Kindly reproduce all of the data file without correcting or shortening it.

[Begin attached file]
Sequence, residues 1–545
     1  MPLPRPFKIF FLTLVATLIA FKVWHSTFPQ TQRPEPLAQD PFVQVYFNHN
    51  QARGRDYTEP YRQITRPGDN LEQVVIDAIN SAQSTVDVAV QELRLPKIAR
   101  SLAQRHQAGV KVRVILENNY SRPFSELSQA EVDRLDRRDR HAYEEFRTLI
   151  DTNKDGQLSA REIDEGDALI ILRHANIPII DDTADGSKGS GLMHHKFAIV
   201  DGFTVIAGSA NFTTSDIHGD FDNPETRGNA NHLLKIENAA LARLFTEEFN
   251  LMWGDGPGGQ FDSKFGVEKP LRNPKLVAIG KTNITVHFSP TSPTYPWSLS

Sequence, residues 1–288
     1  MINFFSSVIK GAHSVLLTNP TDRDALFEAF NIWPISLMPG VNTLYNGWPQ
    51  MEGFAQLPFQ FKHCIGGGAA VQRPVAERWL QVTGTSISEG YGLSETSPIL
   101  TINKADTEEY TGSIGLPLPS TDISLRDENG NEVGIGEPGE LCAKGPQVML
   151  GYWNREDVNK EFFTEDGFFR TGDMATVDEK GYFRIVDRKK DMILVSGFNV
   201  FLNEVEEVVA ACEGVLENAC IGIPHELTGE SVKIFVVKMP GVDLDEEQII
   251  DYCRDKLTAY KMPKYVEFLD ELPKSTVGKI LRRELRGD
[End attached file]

Sequence, residues 1–545
     1  MPLPRPFKIF FLTLVATLIA FKVWHSTFPQ TQRPEPLAQD PFVQVYFNHN
    51  QARGRDYTEP YRQITRPGDN LEQVVIDAIN SAQSTVDVAV QELRLPKIAR
   101  SLAQRHQAGV KVRVILENNY SRPFSELSQA EVDRLDRRDR HAYEEFRTLI
   151  DTNKDGQLSA REIDEGDALI ILRHANIPII DDTADGSKGS GLMHHKFAIV
   201  DGFTVIAGSA NFTTSDIHGD FDNPETRGNA NHLLKIENAA LARLFTEEFN
   251  LMWGDGPGGQ FDSKFGVEKP LRNPKLVAIG KTNITVHFSP TSPTYPWSLS

Sequence, residues 1–288
     1  MINFFSSVIK GAHSVLLTNP TDRDALFEAF NIWPISLMPG VNTLYNGWPQ
    51  MEGFAQLPFQ FKHCIGGGAA VQRPVAERWL QVTGTSISEG YGLSETSPIL
   101  TINKADTEEY TGSIGLPLPS TDISLRDENG NEVGIGEPGE LCAKGPQVML
   151  GYWNREDVNK EFFTEDGFFR TGDMATVDEK GYFRIVDRKK DMILVSGFNV
   201  FLNEVEEVVA ACEGVLENAC IGIPHELTGE SVKIFVVKMP GVDLDEEQII
   251  DYCRDKLTAY KMPKYVEFLD ELPKSTVGKI LRRELRGD